Áras Chois Fharraige resident Jude Conneely with Fulbright Scholar Professor Nicole Müller

‘I wanted to see how Irish was used on a daily basis’

in An Spidéal / Spiddal
Áras Chois Fharraige resident Jude Conneely with Fulbright Scholar Professor Nicole Müller
Áras Chois Fharraige resident Jude Conneely with Fulbright Scholar Professor Nicole Müller

A German professor with a passion for Irish has conducted an important international language study at Áras Chois Fharraige, An Spidéal,

‘I’ve always had an interest in and a love for Irish,’ said Professor Nicole Müller, who learned the language more than 30 years ago. ‘It’s been an interest of mine for so long that I actually can’t remember how it fell into place.’

The world-renowned linguist won a prestigious Fulbright scholarship to study the language use of elderly Irish speakers. Professor Müller spent six months immersed in the life of Áras Chois Fharraige care home for the study and has said she was touched by the way she was welcomed into the local Irish-speaking community.

‘One of the highlights of my time in Ireland was the way that everybody at the Áras welcomed me; the way they took me in and were happy to talk to me was just great. Beyond being able to do my research, it was great to encounter friendly faces on a daily basis. It wasn’t just a question of finding study participants; but also of making some real friends and that was great,’ she said.

The Professor of Speech and Language Pathology spent several days each week, from September until last month, at Áras Chois Fharraige conducting observational research and recording interviews with residents, visitors and staff. Her research was conducted in conjunction with the discipline of Speech and Language Therapy at NUIG and also with the assistance of the Irish Centre for Social Gerontology.

‘What I wanted to know is how people interact with each other on a daily basis and how they use language to do that,’ she said.

Katie Folan, activities co-ordinator at Áras Chois Fharraige, said the home was happy to facilitate the Fulbright research.

‘Nicole was, of course, here to carry out a very important study but she quickly became a member of the Áras community during her visits,’ she said.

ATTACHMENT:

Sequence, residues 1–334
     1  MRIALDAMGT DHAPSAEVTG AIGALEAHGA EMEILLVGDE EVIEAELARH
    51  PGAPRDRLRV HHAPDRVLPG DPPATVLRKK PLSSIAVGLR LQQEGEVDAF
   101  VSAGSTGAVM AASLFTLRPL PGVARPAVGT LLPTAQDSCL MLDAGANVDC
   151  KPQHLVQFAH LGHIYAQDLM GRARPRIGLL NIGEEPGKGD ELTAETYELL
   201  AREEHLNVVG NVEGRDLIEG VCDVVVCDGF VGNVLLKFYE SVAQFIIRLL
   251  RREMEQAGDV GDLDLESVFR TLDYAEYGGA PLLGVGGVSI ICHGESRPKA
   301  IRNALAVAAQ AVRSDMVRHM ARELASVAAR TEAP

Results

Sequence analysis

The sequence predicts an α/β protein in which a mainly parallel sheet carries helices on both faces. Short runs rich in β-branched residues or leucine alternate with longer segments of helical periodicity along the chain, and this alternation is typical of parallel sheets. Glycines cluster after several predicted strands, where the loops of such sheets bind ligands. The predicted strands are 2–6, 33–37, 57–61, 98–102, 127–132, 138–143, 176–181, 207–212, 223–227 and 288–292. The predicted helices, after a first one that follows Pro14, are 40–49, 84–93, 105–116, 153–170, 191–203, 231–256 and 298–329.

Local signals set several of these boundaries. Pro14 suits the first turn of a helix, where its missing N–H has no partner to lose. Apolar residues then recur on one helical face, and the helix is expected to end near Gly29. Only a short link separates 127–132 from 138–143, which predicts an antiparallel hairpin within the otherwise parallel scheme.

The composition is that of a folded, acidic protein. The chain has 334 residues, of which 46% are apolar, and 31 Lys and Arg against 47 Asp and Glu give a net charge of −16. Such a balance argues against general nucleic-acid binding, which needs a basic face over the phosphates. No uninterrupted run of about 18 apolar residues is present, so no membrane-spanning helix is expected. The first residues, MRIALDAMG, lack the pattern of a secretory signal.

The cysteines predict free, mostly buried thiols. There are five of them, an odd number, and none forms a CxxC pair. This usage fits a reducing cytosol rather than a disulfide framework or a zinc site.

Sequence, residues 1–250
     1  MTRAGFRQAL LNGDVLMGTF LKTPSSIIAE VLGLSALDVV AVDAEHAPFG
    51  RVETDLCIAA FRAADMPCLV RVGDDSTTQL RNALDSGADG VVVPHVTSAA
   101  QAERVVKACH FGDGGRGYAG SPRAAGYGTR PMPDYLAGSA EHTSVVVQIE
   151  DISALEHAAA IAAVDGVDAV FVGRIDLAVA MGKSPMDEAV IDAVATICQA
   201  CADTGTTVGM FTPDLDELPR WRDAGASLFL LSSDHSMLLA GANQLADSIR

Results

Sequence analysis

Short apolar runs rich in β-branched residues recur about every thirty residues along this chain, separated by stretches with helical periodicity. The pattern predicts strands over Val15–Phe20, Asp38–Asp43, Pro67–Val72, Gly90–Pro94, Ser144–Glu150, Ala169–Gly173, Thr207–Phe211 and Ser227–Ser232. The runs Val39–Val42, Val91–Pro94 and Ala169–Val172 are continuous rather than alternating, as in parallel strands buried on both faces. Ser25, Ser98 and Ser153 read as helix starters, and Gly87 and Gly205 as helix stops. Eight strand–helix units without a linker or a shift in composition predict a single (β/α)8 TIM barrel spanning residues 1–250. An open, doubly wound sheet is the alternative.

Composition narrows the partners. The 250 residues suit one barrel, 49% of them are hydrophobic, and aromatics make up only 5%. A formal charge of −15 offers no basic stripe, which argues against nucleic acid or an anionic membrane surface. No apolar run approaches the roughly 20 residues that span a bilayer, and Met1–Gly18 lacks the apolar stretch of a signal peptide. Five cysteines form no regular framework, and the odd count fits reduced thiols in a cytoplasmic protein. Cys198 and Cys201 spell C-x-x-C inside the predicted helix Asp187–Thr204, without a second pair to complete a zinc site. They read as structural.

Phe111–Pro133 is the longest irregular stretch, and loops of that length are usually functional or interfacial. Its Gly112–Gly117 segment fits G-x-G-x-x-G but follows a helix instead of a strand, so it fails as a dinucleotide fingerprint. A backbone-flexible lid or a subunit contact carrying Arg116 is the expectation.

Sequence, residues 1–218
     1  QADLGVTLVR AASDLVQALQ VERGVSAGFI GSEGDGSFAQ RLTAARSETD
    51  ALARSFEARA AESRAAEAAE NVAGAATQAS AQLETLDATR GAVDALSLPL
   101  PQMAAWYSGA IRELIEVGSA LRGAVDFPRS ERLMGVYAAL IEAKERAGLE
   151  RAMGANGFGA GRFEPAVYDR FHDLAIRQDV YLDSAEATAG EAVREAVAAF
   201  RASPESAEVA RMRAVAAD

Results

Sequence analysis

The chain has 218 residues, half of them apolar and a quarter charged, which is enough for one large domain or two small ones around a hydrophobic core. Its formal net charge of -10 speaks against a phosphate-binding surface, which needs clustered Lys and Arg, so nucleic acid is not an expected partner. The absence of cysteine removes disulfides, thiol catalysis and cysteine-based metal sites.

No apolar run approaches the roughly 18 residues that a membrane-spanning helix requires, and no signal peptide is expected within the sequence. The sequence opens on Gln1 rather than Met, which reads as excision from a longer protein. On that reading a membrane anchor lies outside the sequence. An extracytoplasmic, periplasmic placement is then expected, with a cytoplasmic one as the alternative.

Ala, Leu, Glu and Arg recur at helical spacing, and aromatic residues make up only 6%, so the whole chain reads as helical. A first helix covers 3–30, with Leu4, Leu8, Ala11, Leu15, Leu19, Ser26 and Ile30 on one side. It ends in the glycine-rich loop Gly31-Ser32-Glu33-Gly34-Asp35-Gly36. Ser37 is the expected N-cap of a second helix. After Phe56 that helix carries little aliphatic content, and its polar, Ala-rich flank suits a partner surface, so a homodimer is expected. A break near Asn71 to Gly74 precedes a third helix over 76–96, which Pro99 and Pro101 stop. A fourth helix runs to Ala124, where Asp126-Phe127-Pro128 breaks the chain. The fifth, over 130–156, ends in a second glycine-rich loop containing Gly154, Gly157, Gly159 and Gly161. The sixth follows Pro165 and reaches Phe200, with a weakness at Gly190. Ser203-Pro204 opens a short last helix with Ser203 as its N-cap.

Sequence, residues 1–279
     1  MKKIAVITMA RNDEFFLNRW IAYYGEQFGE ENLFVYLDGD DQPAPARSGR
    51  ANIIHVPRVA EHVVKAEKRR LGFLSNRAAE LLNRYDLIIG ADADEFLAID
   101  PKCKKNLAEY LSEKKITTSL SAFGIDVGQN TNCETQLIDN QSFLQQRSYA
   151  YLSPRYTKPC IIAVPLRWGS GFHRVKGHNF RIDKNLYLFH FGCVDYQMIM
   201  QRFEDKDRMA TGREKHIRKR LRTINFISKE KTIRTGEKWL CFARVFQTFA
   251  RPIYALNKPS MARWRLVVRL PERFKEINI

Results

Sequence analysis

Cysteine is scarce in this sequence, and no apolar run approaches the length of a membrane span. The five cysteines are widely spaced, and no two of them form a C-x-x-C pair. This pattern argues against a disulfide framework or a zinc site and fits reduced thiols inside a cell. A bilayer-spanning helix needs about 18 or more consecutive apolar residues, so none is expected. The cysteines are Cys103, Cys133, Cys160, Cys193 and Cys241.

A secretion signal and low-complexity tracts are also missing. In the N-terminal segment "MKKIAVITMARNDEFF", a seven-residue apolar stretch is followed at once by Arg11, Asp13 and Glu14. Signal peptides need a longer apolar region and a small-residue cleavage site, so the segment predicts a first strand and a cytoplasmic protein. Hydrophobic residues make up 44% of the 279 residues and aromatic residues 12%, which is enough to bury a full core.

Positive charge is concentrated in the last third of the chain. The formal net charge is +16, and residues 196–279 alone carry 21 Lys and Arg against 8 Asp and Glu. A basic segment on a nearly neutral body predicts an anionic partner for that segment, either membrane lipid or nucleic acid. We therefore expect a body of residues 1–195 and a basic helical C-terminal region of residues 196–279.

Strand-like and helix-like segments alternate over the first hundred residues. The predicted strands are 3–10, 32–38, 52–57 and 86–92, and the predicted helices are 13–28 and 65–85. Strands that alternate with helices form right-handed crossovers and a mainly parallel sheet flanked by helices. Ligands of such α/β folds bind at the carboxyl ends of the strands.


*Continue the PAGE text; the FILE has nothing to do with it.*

‘Nicole got fully involved in the life of the home; she took time to chat with our residents and got to know some of them very well. Residents and staff were quite lonely on her finishing up in the Áras,’ said Katie, with Professor Müller joking: ‘I almost ended up with a job in the end because they let me help make tea and take it around and that was great fun! We had some great music sessions as well; nurse Anne Byrne came in and did the music sessions, which was always good fun, but it was also just good to come in and talk with people and have a cup of tea and just sit with folks and visit.’

The German native learned to speak Irish during a study abroad year spent at what was then UCG in the 1980s. Professor Müller completed her doctorate at Oxford University before becoming a professor at the University of Louisiana, but she maintained her interest in Irish down through the years. She said she was ‘absolutely thrilled’ to be selected for the highly competitive Fulbright programme, which supports the creme-de-la creme of the academic world to conduct important research projects.

Professor Müller said during her research she could see first-hand the benefits of people receiving care through their first language. ‘It’s very important on various levels. On one level, it’s emotional: the language that we grow up with is important to us because people have an attachment to the first language that they speak. It’s part of who you are. It’s part of where you come from. Another level is that a language is a resource and if you have other kinds of difficulties, whether that’s because you’ve got dementia or you’ve had a stroke or just simply because you are getting very old, then the more you can use your resources, such as language, the better,’ she said.

‘What I found very interesting was that at the Áras they are very upfront; they’re very explicit about wanting to serve the local Irish speaking population. When you look at the website “Is í an Ghaeilge teanga ár dtí” is right there on the front,’ she said.

Professor Müller  returned to her post at the University Hospital Linköping in Sweden last month, where she is a member of the Department of Clinical and Experimental Medicine. She looks forward to publishing the findings from her study at Áras Chois Fharraige in the near future.